All executives want to be successful. Furthermore, nearly 100% believe they would benefit from coaching. Why is it, then, that only one-third of CEOs receive coaching or leadership development? Douglas LaBier, PhD, director for the Center of Progressive Development, explains this paradox in Why CEOs Don't Want Executive Coaching. LaBier explains that there is a difference in what executives need to be successful and what most coaching programs offer. This core competency? Self-awareness. This is key to managing the psychological and relational issues experienced in the higher levels of any organization.
LaBier lists three steps for increasing self-awareness that he has found useful for C-level and other senior executives:
- Learn from your personal timeline
- The capacities-gap exercise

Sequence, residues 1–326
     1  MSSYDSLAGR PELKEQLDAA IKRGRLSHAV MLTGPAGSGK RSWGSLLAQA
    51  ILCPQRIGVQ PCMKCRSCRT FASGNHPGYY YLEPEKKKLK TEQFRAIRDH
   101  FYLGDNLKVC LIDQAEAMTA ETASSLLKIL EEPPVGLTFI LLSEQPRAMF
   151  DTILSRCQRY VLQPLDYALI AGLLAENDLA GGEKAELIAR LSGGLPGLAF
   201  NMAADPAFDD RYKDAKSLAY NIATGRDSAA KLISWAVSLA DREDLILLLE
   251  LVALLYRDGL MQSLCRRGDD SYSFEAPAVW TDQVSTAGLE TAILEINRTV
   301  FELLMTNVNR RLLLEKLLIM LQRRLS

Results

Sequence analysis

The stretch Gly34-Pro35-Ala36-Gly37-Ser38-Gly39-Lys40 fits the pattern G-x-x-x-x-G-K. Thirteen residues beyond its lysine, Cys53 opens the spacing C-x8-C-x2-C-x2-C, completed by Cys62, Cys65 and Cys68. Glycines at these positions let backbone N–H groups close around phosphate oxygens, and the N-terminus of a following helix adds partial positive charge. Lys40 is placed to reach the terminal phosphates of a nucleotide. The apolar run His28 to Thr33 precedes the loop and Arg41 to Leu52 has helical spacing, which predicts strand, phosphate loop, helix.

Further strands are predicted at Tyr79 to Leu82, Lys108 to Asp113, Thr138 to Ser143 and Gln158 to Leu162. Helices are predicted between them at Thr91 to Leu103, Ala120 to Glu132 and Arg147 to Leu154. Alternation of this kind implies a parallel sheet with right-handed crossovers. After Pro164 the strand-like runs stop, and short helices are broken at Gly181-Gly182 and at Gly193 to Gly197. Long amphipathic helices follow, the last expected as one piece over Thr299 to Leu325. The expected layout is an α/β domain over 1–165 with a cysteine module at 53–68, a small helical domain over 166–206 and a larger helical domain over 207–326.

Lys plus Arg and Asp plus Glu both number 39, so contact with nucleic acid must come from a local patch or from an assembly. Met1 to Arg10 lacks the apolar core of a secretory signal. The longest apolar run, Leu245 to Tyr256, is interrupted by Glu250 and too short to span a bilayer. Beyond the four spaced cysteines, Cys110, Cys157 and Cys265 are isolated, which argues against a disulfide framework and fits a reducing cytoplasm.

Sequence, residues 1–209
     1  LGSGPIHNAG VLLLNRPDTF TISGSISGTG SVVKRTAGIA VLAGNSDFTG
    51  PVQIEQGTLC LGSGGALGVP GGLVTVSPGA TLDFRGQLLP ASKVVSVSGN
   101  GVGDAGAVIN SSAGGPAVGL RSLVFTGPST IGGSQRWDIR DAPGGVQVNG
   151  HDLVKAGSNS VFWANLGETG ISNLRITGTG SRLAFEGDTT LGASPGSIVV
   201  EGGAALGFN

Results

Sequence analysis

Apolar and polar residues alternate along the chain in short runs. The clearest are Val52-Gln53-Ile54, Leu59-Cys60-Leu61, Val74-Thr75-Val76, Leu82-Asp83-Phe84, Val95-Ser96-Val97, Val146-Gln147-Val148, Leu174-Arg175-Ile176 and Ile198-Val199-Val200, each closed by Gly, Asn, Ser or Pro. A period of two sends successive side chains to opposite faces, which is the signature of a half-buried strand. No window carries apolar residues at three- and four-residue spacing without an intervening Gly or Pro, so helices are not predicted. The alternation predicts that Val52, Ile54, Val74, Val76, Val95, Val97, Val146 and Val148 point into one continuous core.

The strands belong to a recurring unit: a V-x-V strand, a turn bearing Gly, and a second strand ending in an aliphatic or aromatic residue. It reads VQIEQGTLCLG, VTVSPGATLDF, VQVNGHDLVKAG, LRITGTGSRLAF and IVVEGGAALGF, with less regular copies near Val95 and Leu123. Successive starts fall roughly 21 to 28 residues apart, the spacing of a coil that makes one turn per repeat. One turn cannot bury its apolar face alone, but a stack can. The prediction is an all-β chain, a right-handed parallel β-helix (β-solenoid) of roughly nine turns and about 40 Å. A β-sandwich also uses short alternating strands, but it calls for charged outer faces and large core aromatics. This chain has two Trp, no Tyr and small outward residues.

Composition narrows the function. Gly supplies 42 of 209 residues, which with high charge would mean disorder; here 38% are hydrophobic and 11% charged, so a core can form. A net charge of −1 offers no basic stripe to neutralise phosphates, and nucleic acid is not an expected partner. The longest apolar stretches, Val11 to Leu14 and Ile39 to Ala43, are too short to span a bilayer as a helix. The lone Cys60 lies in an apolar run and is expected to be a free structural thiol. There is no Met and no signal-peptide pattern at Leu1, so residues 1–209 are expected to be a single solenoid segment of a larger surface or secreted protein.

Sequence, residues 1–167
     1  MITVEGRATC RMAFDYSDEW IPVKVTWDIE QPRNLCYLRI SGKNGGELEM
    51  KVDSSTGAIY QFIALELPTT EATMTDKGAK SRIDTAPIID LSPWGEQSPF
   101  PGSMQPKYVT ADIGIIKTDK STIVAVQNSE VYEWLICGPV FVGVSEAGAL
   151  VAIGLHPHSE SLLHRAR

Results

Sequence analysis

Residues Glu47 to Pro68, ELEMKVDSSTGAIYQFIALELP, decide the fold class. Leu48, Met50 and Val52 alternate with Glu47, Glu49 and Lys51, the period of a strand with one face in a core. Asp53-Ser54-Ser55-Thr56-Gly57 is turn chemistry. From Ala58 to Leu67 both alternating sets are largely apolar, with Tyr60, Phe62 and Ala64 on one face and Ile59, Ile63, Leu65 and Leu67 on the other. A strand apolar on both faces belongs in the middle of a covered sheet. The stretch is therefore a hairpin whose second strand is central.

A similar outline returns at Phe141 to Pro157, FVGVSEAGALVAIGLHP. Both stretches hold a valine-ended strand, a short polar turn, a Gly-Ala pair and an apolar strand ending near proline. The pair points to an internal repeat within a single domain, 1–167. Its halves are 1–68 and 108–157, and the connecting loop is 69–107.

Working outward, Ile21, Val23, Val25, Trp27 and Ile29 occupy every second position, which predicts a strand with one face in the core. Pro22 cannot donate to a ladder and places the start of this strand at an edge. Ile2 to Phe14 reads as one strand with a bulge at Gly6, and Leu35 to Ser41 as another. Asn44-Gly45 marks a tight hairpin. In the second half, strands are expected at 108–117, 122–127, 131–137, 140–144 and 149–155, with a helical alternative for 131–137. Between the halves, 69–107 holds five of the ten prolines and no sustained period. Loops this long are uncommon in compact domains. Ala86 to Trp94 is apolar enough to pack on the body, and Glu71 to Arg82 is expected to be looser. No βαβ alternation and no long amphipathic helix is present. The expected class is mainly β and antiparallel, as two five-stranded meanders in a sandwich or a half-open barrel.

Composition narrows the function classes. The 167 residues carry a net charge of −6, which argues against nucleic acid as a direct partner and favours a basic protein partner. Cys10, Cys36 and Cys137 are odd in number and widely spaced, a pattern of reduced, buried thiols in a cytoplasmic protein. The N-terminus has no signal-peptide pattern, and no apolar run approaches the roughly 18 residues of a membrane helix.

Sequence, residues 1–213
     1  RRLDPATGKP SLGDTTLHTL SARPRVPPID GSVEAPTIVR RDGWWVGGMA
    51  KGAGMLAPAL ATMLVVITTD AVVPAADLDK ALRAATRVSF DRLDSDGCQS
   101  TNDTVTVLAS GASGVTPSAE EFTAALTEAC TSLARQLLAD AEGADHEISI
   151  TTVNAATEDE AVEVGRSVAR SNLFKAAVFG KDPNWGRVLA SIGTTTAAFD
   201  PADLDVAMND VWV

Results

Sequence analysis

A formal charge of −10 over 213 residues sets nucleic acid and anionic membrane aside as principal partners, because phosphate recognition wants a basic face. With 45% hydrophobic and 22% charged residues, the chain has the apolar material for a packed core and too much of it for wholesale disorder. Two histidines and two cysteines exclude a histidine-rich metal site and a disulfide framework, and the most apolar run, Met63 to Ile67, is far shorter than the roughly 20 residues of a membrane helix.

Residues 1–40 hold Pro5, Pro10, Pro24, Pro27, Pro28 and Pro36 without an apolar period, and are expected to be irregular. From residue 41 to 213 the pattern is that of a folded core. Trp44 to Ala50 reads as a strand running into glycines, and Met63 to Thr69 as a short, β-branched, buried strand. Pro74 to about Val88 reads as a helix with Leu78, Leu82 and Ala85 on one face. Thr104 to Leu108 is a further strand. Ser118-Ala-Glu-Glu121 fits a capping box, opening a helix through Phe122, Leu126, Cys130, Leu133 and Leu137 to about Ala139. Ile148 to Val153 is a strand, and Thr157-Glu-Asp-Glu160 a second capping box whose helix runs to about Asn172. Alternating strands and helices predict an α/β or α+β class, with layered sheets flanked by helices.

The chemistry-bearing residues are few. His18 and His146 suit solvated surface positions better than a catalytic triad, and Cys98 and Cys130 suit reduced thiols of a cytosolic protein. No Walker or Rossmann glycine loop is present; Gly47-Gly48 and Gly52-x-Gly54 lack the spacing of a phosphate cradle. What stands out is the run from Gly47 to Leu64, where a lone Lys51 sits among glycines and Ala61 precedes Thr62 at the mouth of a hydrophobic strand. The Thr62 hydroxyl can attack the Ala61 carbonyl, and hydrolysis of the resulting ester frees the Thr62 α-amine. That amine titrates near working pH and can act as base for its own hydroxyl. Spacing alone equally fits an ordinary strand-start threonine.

- Identify your personal vulnerabilities.
The first step -- "learning from your personal timeline" -- involves identifying key turning points in your life and their consequences, both positive and negative. It also involves exploring how those events shaped your values, attitudes and behaviors. This knowledge points you in the direction of how to grow dormant and neglected parts of life.
The second -- "the capacities-gap exercise" -- entails listing positive qualities and strengths you possess and examining how they become stunted or blocked in everyday life. Then, it calls for describing steps on how you can grow your capacities, while limiting the gaps.
The third -- "identifying your personal vulnerabilities" -- requires looking at what makes you vulnerable, including emotional blind spots, fears and dysfunctional behaviors that can affect your life. It then proceeds to an explanation of how you can address and work through them.
In addition to self-awareness, there are many other elements needed to be a successful leader. However, it is important to note that self-awareness should be at the heart of executive coaching and leadership programs. In our next issue, we will discuss the best way to choose a coach!